Belonging and Trust in the Inter-Media Society: The Case of the 3.11 Disaster
The 3.11 disaster in Japan is an epitome of an unexpected, highly complex and intrinsically disruptive media event, and remains an ongoing concern even after eight years. The complexity of the triple disaster not only brought destruction to the surrounding environment but also reconfigured many people’s sense of place, security and communal belonging. In addition to the material reconstruction in the aftermath of disasters, it became equally essential to understand the social aspects of disasters, including how different media forms can aid recovery by strengthening connections with self, family and society. In the context of the sense of communal belonging and perceptions of trust in media, significantly shaped and reconfigured by the 3.11 disaster, this study expands the scholarship on the role of media in disaster communication to focus predominantly on individual media usage patterns and behaviour within contemporary Japanese society. Examining individual media usage experiences utilising various media forms, from traditional mass media forms such as television and newspapers to new, digital players, social media platforms and online news websites, this study looks specifically at how individuals experience their sense of communal belonging and trust in the context of the complex, inter-media environment of the 3.11 disaster. Based on in-depth interviews and social media data from Japan, this research examines the role of traditional mass media and non-traditional online media in evoking and amplifying a sense of belonging to spatial and relational communities. Here, the study elaborates on the role of online media in disaster communication and challenges they impose on traditional mass media use. Furthermore, this research looks at changes in individual perceptions of media credibility in a disaster context and present day, elaborating how shifting trust in media intersects with the changes in the way individuals use and rely on media. Main findings of the study suggest that in the wake of the disruptive media event, Japanese media users move from using traditional mass media as a sole source of news to personalised, inter-media environment which supports the emergence of affective connection to a community. The intensified sense of communal belonging further facilitates the practice of seeking and evaluating information and media credibility through new media forms of connectivity.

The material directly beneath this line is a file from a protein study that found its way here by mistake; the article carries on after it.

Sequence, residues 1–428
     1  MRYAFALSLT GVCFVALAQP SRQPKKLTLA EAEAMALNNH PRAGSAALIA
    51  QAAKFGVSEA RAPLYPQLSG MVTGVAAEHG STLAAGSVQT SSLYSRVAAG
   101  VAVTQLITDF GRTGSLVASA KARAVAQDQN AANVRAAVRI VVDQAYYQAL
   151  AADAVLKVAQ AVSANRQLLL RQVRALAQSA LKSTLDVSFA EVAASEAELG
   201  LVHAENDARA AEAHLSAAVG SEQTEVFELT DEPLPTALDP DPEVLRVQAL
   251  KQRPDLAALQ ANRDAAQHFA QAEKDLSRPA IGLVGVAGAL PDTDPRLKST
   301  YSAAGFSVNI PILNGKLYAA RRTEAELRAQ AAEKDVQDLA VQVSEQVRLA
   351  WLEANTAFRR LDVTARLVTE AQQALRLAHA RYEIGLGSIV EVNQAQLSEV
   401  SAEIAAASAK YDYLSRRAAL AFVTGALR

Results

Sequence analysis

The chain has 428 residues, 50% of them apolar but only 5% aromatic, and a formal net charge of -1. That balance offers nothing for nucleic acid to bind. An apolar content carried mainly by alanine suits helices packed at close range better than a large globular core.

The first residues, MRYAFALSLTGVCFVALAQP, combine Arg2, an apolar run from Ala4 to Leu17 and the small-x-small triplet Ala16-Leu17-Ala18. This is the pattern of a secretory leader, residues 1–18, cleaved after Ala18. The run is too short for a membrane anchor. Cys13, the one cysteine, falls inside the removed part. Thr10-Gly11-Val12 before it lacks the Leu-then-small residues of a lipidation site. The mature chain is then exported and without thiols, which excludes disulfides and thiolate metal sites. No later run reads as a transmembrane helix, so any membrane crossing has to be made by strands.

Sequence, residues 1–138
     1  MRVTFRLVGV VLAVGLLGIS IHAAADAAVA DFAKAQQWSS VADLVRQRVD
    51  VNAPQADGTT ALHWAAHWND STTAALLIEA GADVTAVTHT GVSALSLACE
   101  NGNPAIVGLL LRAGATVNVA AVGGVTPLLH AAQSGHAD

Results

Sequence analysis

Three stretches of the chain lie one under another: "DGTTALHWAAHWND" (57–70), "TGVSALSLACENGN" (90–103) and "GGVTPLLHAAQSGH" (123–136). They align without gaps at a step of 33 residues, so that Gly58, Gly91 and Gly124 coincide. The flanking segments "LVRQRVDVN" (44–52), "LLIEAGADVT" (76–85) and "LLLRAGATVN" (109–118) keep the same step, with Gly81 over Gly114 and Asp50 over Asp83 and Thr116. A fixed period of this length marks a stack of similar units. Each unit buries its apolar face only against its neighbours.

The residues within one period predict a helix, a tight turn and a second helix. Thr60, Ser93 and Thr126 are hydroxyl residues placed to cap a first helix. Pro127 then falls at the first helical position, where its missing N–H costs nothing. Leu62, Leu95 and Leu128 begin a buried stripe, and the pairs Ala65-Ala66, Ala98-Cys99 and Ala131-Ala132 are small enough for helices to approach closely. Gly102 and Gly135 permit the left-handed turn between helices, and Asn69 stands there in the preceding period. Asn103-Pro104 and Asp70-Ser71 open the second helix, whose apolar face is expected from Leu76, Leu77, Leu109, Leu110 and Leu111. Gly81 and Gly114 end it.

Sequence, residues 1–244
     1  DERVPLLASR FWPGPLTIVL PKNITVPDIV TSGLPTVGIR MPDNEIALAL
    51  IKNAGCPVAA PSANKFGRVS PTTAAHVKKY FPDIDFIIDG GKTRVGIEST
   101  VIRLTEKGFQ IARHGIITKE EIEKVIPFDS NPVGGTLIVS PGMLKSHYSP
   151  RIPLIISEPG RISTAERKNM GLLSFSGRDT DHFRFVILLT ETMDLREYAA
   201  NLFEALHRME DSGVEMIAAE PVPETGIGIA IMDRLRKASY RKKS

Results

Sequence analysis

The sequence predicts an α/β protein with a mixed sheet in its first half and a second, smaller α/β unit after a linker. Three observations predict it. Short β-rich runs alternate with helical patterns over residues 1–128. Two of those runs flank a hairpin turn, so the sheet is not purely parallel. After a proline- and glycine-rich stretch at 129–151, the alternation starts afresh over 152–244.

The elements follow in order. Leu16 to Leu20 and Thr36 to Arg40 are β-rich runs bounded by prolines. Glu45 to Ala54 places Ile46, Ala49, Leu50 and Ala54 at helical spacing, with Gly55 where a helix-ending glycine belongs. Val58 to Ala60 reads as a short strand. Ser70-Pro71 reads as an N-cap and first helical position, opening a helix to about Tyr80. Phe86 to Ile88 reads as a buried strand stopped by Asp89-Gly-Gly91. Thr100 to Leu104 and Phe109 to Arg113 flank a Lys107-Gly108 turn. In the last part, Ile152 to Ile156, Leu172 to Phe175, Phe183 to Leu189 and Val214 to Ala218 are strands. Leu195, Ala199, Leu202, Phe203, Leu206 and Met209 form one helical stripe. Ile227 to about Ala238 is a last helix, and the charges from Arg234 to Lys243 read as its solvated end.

Overseas Chinese Communities in Transition: Capable Agency, Translocal Positioning, and Community Re-organisation